Doctors and hospitals warn public about increase in RSV cases
CEDAR RAPIDS, Iowa (KCRG) - About a dozen pediatricians and two major Dubuque area hospitals released warnings about an increase in respiratory syncytial virus, also known as RSV, cases on Friday.
These pediatricians said the increase in cases is increasing the number of hospitalizations, which they believe will strain resources as flu season begins. The Centers for Disease Control (CDC) said in October it expects flu season to begin earlier than normal this year. According to the latest Flu Activity Map from the CDC, Iowa’s flu activity increased and some states in the South are under the “very high” category.
John Callahan, who is one of the pediatricians who signed the letter, said his clinic had seen a 50% increase in RSV cases. He said he’s never experienced a similar increase in RSV cases and blames the jump on COVID-19 mitigation strategies.
“The precautions that we took did a great at mitigating lots of respiratory illnesses, which at the time was what we needed,” Callahan said. “But, that led to a lack of immunity over the last several years for many children from RSV as well as other illnesses they would typically be infected with and now with the resumption of the typical seasonality of this illness and with kids out in daycare and school without the precautions, we had before. They are getting infected with this all at once.”
Danielle Wales, who is a clinical assistant professor at the State University of New York - Albany made a similar hypothesis for the jump in cases earlier this month.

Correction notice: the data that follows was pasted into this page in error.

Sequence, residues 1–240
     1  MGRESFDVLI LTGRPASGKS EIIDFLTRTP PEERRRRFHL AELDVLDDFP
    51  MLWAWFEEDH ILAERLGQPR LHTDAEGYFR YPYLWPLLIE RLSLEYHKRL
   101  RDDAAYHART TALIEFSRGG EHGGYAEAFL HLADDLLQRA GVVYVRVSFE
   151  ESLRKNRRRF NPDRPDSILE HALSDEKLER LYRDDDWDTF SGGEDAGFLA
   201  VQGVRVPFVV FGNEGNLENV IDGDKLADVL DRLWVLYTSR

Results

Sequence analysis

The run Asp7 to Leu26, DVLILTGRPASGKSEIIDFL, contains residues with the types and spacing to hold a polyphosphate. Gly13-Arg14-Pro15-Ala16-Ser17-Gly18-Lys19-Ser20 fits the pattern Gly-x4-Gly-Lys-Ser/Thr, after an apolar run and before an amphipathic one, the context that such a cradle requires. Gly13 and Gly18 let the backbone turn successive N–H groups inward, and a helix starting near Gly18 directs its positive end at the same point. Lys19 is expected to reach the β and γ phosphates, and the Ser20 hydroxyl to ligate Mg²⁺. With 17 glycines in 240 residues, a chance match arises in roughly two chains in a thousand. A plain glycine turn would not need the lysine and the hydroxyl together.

“One reason for the early start could be that our immune systems are ‘out of practice’ dealing with the full complement of respiratory viruses that surround us due to reduced exposure over the past two and a half years,” she said. “Plus, now that masking and social distancing are less common, viruses can spread more easily.”
Sarah Ekstrand, who is a spokesperson for the Iowa Department of Health and Human Services, said it’s encouraging all Iowans to get vaccinated for the flu and COVID-19. She said the department is communicating with healthcare partners and mentioned limiting visitors to healthcare facilities can decrease the spread of respiratory viruses.
Both MercyOne Dubuque Medical Center and UnityPoint Health - Finley Hospital announced on Friday it would no longer allow visitors under the age of 18 unless there is an extraordinary circumstance, like severe illness and end of live visitations. The hospitals said the visitation limits were due to an increase in RSV and other respiratory illnesses.
Copyright 2022 KCRG. All rights reserved.